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Consider the Oathbow:

Requires Attunement

[...]

When you use this weapon to make a ranged attack, you can, as a command phrase, say, "Swift death to you who have wronged me." The target of your attack becomes your sworn enemy until it dies or until dawn seven days later.

[...]

While your sworn enemy lives, you have disadvantage on attack rolls with all other weapons.

Say a PC attuned to an Oathbow were to use this feature to target a creature. The creature then kills the PC, but a friendly cleric uses Revivify on the PC. The PC is then unattuned to the Oathbow.

Does losing attunement prevent having disadvantage on Attack rolls with all other Weapons while the Sworn Enemy is alive (or 7 days passed)?

If so, does regaining attunement enables this feature once again, assuming the Sworn Enemy is still alive?

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Losing attunement will prevent having disadvantage.

The following passage is from the attunement rules in the Dungeon Master's Guide (p. 138):

Without becoming attuned to an item that requires attunement, a creature gains only its nonmagical benefits, unless its description states otherwise. For example, a magic shield that requires attunement provides the benefits of a normal shield to a creature not attuned to it, but none of its magical properties.

The tense of the first sentence could be ambiguous ("becoming attuned" sounds like a one-time requirement), but the example clarifies the meaning: while you are not attuned to a magic item that requires attunement, you can't benefit from its magical properties, even if you were attuned to it in the past, since it's the current attunement state that matters.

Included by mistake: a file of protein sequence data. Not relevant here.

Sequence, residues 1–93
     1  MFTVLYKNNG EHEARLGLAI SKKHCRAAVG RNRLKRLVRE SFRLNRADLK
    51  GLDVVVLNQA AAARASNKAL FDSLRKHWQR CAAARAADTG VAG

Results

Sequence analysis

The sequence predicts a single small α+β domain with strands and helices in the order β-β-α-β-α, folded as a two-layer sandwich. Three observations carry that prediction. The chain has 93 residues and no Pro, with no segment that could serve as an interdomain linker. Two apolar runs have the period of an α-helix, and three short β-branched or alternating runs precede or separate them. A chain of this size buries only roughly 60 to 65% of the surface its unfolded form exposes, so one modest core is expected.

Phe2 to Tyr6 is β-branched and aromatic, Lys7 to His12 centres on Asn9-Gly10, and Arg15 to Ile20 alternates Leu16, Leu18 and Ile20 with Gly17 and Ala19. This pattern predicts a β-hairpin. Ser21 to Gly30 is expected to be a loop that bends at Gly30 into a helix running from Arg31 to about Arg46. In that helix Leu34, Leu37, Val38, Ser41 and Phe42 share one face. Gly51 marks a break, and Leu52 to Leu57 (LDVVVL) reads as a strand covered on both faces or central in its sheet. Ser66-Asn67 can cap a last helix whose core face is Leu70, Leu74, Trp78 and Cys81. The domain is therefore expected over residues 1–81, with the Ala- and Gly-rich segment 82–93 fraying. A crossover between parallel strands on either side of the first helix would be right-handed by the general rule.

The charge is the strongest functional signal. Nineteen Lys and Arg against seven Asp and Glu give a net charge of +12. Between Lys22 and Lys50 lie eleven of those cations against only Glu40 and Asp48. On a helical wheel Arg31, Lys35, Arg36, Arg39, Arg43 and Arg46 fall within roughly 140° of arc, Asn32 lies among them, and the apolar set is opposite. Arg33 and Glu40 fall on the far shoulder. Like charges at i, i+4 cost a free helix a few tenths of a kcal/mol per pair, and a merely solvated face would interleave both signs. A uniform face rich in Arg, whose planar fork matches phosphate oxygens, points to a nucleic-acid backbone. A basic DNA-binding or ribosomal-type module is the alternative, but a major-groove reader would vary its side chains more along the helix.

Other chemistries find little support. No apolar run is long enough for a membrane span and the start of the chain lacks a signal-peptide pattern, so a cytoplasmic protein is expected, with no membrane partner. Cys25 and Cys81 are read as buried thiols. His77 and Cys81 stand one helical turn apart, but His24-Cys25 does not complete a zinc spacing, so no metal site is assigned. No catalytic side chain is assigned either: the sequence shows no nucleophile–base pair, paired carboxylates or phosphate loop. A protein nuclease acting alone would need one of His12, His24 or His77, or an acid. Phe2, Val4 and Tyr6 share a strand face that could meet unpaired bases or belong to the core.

So even if you were attuned to the oathbow once before, you cease to benefit from any of its magical properties when you are no longer attuned to it, treating it as a mundane bow from then on. Since you no longer benefit from having a sworn enemy and the bow is treated as mundane, there's no reason you would have disadvantage on attack rolls with different weapons.

In addition, once you lose attunement, you lose (not suspend or defer) your sworn enemy, so regaining attunement later does not reinstate that sworn enemy. Rather, when you regain attunement, you start with a clean slate without any lingering benefits from a prior attunement.

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The DM decides, but RAW is ambigious

Without becoming attuned to an item that requires attunement, a creature gains only its nonmagical benefits, unless its description states otherwise. For example, a magic shield that requires attunement provides the benefits of a normal shield to a creature not attuned to it, but none of its magical properties.

So you would lose "all magical properties" when you are no longer attuned, but I think it's fairly safe to argue that having "disadvantage with all other weapons" is not a benefit, it is a penalty.

This leaves a few options for your DM to take:

  • The penalty is a magical property of the bow, you are no longer attuned, therefore you no longer take the penalty
  • You no longer have a sworn enemy, but the penalty is an ongoing effect akin to a curse, because there is no clause for 'or you lose attunement from this item' in the 7 day penalty clause.
  • You still have a sworn enemy, because the line about them becoming your sworn enemy does not state it depends on remaining attuned to the oathbow, and the DM decides from there what this means for the disadvantage.

But beware munchkins

RAI, it seems extremely likely that you're intended to suffer the penalty for 7 days. If your DM allows you to simply unattune from the object to get rid of the penalty, congratulations, you can now unattune during your next short rest, not worry about the penalty for 7 days, and after a week attune to it again if the DM rules that your chosen sworn enemy persisted while unattuned. Even better, simply attune again the same day in a second short rest and pick a new sworn enemy if the DM rules that the sworn enemy disappears entirely when you unattune.

This is obviously not in line with what the item's flavour is supposed to do. If the downside was that easy to remove, it would have just been "until your next short rest" or something along those lines.

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